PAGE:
Candem Plot Lesson

Lesson plan on Candem Plot

The early fear of slave actions was fueled, moreover, by the threat that slave revolts might produce a replica of the Toussaint L’Ouverture revolution in Santo Domingo.  This anxiety placed a great pressure upon both the national and state governments of the Confederacy to divert a substantial proportion of the South’s war-making resources to maintain the social control of the plantation system.  The inability of the South to control slave labor while simultaneously fighting for independence undermined Confederate unity, limited the Confederacy’s ability to execute the war, and led to the decomposition of the plantation system itself.

This fear also affects the issue of how many slave actions there might have been.  For example, information and documents relating to the Second Creek event at Natchez are not readily available.  When authorities learned that slaves were plotting, they acted quickly and decisively by hanging every implicated: at least 27 African American were hanged.  The Confederate provost marshal at Natchez reported early in 1862 that 40 slaves had been hanged within a year for such activities.  Historians will never know the exact number of insurrections just before and during the Civil War, because state governments did not reimburse owners of slaves executed at the orders of the extralegal courts.  There was no official accounting because of the “vigilance committees” kept quiet, and no one involved shared information on the counting of the bodies.  Information regarding these important events only surfaced as owners began to inquire about compensation for the loss of their slaves.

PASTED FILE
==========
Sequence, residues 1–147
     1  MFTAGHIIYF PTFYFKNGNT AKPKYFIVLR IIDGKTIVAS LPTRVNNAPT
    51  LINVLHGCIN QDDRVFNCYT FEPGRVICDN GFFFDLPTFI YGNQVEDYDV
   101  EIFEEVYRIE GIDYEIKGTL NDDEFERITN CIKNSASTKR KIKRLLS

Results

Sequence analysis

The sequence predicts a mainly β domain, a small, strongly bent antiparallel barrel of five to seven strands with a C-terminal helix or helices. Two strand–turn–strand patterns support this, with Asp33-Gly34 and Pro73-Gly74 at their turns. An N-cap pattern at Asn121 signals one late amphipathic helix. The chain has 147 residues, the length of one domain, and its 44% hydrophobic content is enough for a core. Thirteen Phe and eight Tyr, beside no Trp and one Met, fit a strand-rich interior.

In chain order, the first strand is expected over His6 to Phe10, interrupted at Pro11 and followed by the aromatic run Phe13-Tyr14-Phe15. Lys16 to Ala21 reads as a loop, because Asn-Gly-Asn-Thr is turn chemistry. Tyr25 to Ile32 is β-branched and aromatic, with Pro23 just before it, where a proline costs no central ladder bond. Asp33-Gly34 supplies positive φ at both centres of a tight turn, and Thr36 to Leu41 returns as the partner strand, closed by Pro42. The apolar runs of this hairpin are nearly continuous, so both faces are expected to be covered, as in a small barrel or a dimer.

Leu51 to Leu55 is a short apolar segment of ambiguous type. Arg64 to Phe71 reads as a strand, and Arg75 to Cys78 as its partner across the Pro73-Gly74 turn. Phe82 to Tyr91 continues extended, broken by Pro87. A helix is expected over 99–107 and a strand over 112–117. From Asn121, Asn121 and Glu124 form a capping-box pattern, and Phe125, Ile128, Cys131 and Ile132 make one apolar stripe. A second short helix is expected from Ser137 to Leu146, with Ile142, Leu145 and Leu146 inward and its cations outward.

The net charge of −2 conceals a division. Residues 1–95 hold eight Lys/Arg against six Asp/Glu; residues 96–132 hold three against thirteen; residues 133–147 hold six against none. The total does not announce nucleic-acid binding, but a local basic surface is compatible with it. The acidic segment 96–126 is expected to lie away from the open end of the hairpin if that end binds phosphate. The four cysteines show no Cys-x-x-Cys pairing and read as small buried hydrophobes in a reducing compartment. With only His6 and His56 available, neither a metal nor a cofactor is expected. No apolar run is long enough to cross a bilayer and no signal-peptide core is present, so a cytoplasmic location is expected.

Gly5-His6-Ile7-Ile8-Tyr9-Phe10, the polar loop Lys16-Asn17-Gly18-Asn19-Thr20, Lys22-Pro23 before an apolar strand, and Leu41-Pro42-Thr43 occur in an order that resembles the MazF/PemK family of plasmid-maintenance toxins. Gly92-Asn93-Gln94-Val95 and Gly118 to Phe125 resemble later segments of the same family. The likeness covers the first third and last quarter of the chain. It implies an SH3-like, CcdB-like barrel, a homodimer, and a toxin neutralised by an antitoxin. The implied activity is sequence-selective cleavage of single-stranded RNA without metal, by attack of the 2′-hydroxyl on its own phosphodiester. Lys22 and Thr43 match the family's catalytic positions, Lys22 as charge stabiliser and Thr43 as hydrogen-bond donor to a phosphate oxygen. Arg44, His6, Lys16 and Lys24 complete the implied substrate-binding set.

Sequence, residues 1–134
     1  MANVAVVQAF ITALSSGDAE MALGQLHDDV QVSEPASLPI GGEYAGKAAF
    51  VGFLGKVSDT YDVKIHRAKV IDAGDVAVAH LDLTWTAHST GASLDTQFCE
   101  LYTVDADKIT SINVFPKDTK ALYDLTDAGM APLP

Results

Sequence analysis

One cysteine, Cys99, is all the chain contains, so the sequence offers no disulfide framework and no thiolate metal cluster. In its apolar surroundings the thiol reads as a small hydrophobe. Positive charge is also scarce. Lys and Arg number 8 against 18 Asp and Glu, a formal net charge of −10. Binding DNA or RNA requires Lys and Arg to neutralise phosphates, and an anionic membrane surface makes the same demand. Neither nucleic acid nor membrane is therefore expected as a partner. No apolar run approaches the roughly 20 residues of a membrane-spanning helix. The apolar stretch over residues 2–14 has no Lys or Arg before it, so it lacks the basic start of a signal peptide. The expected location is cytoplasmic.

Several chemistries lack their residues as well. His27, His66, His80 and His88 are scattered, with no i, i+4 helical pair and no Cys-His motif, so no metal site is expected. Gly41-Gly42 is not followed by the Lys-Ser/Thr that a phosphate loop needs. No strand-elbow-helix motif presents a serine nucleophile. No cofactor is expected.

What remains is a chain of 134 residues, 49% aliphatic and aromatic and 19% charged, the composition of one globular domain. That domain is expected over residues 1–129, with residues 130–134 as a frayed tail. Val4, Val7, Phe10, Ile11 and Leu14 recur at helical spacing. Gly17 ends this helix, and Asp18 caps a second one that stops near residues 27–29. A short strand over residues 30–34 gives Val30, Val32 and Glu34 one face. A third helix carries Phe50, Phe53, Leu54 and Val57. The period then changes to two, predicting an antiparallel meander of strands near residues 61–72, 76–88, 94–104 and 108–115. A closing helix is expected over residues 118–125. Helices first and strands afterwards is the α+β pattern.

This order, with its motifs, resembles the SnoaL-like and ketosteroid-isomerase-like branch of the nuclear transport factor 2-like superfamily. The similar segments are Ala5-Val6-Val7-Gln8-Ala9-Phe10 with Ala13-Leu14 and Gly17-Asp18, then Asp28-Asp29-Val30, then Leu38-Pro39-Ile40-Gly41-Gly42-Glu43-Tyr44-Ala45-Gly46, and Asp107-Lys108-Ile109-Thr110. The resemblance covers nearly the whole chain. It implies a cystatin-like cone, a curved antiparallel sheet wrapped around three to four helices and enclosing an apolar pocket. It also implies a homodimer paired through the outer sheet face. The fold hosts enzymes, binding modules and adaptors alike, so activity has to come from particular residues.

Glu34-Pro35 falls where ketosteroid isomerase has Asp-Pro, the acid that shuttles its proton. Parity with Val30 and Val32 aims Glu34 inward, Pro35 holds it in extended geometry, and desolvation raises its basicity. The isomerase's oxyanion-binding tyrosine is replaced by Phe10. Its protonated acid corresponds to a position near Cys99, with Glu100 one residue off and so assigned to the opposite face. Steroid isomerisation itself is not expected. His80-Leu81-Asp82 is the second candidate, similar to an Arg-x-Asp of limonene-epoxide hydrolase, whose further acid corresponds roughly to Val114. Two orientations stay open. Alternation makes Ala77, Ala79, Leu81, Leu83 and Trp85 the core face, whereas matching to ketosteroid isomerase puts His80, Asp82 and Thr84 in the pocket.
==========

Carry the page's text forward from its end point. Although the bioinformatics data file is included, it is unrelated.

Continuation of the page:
So, it is these documents that reveal both the events and their substances.  Letters from southern wives to their husbands on the front lines would plead with them to return home as the slaves could no longer be controlled—the refused to work and became rebellious because of the war, event before emancipation.  It was in connection to the Second Creek insurrection of Natchez that one Southern soldier wrote from the battlefield saying that domestic danger “has set me to thinking where I could be of the most service to my Country, at home or in the army.

Questions teachers might want to direct students toward the documents:

1.         What were the unique characteristics inherent in American slave society that          prohibited the social and economic mobility of enslaved Africans, thus            contributing to rebellion?”

2.         Were there more revolts in the Colonial or post-Colonial periods?

3.         Which slaves rebelled: were they primarily field slaves, domestic slaves, or             skilled artisans?

4.         Were these rebellions all-male enterprises, or were women also involved?

5.         Did rebellious Africans originate predominately in one part of Africa?

6.         Were they recent immigrants or native-born Americans?

7.         Did African ethnicity plan a role?

8.         Who were the primary and secondary leaders of the revolts?

9.         How many slave revolts—such as John Brown’s raid on Harper’s Ferry, and the    Murrell Gang Incident in Mississippi—were led by Whites?